testifying that he was heard, says “The Lord hath heard, and hath had mercy on me: the Lord became
my helper.’ - The Imitation of Christ


I’m concerned that you’re begging for death, dear one.

Please, if you feel like you’re going to hurt yourself or anybody else, please call the suicide help line

:pray:t2::pray:t2::pray:t2: For you


I would never consider suicide.


Very glad—sometimes it’s hard to read tone on the internet.

I do know that our powers of perception are extremely limited when it comes to spiritual things. Sometimes we have sensible consolations, and sometimes we feel the full weight of the cross and other times we feel a big fat nothing.

Our minds know that He is equally present and loves us every bit as much regardless of our feelings, but it’s still painful and a trial.

I’m praying to uplift you during this time.


I fully understand your situation.
Have you considered seeking professional help? You may be suffering from severe depression. It’s very treatable with the proper medications. Give it some consideration. You’ll be glad you did!


without the Passion there would have been no Ressurection, the light that never dims.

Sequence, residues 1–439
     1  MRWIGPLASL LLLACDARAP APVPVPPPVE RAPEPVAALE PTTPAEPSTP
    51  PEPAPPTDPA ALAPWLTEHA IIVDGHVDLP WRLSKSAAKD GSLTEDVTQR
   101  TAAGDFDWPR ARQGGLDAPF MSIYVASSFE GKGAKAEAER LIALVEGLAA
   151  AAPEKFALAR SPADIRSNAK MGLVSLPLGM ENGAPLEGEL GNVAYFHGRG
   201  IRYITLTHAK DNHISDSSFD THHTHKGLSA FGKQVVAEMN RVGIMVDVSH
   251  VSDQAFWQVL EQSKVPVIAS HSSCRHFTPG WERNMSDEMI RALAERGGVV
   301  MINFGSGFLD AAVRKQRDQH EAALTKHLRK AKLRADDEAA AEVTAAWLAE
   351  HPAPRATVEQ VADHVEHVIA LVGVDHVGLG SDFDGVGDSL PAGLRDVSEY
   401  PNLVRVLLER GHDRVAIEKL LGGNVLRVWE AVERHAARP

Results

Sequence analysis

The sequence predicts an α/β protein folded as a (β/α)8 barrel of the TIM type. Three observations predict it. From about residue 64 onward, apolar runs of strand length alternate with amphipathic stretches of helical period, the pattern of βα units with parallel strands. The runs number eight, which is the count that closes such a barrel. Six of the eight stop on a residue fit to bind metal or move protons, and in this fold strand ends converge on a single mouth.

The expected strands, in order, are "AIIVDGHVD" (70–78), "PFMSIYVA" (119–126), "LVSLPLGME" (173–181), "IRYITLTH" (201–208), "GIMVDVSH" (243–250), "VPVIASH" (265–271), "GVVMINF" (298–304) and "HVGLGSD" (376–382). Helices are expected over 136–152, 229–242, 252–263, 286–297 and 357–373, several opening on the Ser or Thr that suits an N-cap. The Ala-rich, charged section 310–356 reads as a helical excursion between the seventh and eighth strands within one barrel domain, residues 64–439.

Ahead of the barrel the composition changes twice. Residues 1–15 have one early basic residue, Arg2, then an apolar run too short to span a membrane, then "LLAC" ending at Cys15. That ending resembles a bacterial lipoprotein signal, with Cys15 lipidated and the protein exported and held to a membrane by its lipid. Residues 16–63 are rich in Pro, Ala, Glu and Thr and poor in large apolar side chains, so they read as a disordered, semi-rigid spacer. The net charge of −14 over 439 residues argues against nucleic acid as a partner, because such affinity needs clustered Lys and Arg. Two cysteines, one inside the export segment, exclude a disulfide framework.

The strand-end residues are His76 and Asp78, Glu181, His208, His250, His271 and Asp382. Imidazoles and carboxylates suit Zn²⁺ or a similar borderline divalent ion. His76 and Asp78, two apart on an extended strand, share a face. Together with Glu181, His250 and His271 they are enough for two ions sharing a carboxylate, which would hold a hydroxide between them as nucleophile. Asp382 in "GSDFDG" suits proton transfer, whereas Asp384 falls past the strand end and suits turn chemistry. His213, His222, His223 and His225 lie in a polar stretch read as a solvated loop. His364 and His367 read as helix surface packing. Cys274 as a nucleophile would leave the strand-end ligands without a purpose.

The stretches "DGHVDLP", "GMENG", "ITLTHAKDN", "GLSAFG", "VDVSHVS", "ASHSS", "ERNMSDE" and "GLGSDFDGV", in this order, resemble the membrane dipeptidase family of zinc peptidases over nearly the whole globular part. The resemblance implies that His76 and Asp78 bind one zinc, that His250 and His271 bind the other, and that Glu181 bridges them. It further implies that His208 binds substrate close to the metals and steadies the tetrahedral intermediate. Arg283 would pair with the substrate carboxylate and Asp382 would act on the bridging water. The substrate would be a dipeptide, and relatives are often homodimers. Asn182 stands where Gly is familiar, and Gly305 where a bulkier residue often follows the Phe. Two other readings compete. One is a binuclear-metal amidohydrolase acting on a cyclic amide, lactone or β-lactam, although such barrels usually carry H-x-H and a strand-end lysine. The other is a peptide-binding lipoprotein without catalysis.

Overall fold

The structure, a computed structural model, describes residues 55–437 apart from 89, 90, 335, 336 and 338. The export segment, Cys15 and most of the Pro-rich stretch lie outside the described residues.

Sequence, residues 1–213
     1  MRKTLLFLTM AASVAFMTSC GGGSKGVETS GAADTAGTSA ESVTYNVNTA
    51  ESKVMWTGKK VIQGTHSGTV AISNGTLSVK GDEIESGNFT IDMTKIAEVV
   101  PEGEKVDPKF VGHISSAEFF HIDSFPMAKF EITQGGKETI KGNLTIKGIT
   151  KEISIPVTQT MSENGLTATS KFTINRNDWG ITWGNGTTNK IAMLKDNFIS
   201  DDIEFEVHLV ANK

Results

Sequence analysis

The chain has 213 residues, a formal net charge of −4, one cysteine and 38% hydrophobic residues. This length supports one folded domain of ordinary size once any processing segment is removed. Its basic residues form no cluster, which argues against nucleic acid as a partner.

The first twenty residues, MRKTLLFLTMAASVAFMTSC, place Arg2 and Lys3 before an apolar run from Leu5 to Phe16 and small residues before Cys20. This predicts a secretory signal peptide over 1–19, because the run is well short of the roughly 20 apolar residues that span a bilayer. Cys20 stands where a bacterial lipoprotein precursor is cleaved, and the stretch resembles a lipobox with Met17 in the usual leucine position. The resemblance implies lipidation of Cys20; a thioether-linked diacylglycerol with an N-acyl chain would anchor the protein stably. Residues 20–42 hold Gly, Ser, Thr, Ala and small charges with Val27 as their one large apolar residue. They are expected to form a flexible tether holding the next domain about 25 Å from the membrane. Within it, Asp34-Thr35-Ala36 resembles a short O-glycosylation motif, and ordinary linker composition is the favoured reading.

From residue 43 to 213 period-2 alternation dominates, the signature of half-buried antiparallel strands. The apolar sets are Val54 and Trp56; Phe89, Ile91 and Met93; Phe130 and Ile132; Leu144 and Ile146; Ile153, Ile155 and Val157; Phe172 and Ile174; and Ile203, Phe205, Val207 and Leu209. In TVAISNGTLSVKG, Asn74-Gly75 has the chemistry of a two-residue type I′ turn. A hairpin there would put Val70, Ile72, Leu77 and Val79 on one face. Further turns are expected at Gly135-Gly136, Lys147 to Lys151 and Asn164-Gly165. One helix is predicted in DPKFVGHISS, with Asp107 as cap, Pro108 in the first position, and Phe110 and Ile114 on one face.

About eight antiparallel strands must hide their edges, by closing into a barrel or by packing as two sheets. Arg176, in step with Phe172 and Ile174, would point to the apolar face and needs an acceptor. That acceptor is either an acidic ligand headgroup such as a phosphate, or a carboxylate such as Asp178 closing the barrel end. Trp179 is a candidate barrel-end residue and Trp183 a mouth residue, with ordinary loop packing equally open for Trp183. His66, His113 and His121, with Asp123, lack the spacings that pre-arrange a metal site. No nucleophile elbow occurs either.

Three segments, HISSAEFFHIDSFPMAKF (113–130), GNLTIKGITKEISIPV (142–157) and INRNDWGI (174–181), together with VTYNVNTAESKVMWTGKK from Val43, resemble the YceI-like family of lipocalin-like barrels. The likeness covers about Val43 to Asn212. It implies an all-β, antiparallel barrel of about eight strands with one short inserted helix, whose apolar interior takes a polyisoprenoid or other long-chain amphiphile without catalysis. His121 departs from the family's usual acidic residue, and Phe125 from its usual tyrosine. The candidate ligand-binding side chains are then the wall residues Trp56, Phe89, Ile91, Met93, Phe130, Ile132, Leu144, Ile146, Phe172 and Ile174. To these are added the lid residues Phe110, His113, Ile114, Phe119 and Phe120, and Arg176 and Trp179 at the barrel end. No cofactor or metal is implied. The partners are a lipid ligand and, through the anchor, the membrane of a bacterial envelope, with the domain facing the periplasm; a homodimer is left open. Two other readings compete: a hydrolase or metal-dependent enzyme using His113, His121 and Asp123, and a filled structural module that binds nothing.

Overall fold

A metaphor, not to be taken literally, I’m talking about Easter and rebirth. Spring. Autumn leaves falling, a period of hibernation not death and finally the return of new buds and fresh growth.


I too would recommend that you seek some help, perhaps both mental health and spiritual counsel.

When you are feeling bad, increasing bodily self-denial is not a great way to get back to feeling better. I’m not saying go wild and indulge, but feeling badly may be a signal that your body needs more of a certain nutrient or activity (like better sleep), not more penance or denial. Some spiritual counsel might give you guidance in drawing the line.


It is passing. It always does eventually. Has what I described ever happened to any of you?


This happened to me during my adult formation. Praying the rosary every morning in front of an image of Our Lady helped me to focus on Jesus and allow him to enter into my life and pick me up.